By Rick VanSickle
When Ilya Senchuk made his very first Leaning Post wines — the 2009 Foxcroft Riesling and Lowrey Vineyard Pinot Noir — he could never envision a year like 2020.
Of all the milestones, from winemaker at Foreign Affair from 2010 to 2013, to starting his virtual brand Leaning Post, to full-fledged winery status with a vineyard and retail/production facility in 2013, nothing can compare to the COVID-riddled year of 2020 for Senchuk, below, and his wife Nadia, top photo.
The year started innocently enough, sales were good, the wines were gaining popularity and plans were in place for a major expansion all before the calendar turned to March and the first cases of COVID hit. The couple luckily already had acquired a building permit to add a barrel cellar, double the size of the production area, install an outdoor patio and a kitchen for events and staff.
But in March, all work was stopped cold and nothing was would be done until the May long weekend. And then, by sheer determination the projects were knocked off, one by one. And as I stand inside the new barrel cellar on a chilly fall day, all that’s left to complete are the finishing touches on the kitchen and production area. The patio was a godsend, and a stroke of luck to have that in the plans to handle the COVID outdoor tastings that otherwise just wouldn’t cut it indoors.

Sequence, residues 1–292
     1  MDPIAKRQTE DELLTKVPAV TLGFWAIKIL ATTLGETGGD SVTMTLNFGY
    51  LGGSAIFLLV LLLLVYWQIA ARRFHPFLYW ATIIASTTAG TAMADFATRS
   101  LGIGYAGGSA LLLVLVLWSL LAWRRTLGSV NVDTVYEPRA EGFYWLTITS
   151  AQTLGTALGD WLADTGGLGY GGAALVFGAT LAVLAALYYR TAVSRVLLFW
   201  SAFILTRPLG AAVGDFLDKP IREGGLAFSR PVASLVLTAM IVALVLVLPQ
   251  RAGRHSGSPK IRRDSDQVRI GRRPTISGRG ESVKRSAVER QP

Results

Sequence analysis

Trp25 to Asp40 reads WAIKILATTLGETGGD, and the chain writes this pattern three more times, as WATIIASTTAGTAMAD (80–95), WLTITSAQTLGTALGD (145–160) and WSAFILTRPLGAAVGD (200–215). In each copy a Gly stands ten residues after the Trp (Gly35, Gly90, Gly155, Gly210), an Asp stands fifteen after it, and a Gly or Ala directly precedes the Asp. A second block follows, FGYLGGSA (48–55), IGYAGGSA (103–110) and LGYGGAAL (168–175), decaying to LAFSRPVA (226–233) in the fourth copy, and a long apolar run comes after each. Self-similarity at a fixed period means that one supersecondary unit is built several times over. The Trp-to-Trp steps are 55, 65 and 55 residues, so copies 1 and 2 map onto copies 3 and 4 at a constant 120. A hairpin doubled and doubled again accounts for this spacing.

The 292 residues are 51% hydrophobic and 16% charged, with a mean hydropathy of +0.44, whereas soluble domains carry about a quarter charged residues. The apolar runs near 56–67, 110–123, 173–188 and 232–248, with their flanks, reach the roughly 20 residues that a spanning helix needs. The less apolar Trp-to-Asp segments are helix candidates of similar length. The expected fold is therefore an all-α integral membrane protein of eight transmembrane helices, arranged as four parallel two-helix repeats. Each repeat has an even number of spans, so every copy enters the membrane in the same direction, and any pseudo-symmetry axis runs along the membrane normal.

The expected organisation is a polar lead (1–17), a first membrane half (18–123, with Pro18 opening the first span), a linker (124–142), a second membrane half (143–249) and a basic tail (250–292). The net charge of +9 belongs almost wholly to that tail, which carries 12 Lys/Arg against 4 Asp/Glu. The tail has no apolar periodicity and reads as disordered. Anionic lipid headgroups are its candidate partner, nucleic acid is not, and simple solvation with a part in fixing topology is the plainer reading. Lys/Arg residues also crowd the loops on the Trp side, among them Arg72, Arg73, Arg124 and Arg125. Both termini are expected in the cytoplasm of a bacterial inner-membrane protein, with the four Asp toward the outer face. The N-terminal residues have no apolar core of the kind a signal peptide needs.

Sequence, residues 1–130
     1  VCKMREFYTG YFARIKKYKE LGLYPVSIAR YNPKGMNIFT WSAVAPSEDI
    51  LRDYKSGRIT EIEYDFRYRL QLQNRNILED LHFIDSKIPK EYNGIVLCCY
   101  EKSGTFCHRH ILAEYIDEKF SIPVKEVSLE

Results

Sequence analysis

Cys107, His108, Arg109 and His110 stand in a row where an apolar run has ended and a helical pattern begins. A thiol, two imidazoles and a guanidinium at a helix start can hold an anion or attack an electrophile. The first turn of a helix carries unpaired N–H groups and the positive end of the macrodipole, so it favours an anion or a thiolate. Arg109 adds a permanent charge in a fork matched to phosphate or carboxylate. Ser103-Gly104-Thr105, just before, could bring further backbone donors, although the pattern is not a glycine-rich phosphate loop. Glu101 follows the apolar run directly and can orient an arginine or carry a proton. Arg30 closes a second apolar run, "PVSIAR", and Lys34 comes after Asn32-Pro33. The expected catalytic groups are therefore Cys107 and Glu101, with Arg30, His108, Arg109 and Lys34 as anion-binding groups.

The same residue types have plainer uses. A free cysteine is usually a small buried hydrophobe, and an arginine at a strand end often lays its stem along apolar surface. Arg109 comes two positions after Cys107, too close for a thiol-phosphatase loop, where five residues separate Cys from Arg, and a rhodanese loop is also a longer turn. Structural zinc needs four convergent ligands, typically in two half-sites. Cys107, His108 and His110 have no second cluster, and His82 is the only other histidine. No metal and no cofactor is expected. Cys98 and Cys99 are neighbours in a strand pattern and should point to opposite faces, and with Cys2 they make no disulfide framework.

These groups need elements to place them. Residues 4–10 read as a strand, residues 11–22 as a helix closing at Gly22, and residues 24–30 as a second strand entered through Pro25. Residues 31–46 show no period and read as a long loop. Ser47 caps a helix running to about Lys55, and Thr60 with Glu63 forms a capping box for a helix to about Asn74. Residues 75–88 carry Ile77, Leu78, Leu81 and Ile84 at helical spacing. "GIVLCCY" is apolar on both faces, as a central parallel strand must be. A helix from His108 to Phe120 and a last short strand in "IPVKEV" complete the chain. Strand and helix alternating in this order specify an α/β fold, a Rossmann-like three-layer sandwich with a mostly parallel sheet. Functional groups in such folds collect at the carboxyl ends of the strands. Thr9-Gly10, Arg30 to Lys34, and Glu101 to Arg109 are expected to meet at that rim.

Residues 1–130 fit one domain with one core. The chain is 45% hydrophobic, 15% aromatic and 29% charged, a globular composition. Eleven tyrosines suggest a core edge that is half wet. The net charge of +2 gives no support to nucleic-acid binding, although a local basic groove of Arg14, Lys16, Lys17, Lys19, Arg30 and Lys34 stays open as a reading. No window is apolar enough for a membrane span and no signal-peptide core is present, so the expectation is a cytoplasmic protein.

“We have literally done our full expansion in the COVID year,” says Senchuk.
The Senchuks also completed new plantings at the estate — another 4.2 acres of Gamay and, get this, Niagara’s first Dolcetto, a black Italian wine grape variety widely grown in the Piedmont region of northwest Italy.
Part of the fun of owning your own winery is experimenting,” says Senchuk. He spent months researching grapes that would do well in Niagara — cold hardy varieties that aren’t well known. He had several to choose from, but “I narrowed it down and had to choose what I liked … Dolcetto is interesting and not like Pinot Noir or Gamay and will work on our farm. We will see if Senchuk’s gamble has paid off in four years, but don’t bet against him.
The pandemic projects did not end there. On, no, they did not.
And I can tell by the smile on Nadia Senchuk’s face as she pops in to the barrel cellar for a sip of Leaning Post’s first traditionally made sparkling, this is perhaps the most important development and it just may have been a marriage safer for Ilya.